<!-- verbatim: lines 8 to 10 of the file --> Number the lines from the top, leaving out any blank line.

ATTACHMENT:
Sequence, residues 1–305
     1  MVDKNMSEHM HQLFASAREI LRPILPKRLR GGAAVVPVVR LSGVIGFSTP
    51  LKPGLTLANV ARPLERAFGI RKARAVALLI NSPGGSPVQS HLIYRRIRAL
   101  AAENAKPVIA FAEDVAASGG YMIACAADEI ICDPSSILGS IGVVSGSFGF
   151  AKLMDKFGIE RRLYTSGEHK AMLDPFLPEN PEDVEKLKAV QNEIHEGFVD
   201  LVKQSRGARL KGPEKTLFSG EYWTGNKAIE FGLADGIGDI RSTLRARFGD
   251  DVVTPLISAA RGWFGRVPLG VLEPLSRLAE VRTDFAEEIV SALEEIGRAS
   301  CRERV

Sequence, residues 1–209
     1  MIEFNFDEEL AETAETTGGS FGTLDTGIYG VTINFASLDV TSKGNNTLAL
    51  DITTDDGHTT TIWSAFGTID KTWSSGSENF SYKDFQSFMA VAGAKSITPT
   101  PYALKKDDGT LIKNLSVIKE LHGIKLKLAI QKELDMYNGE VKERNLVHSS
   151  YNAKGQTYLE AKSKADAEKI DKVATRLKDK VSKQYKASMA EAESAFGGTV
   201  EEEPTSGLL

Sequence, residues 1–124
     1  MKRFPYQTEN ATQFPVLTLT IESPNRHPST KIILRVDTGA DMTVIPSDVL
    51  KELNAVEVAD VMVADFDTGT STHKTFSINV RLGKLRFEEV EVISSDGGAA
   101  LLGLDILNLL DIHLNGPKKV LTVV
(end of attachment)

   301  CRERV

Sequence, residues 1–209
     1  MIEFNFDEEL AETAETTGGS FGTLDTGIYG VTINFASLDV TSKGNNTLAL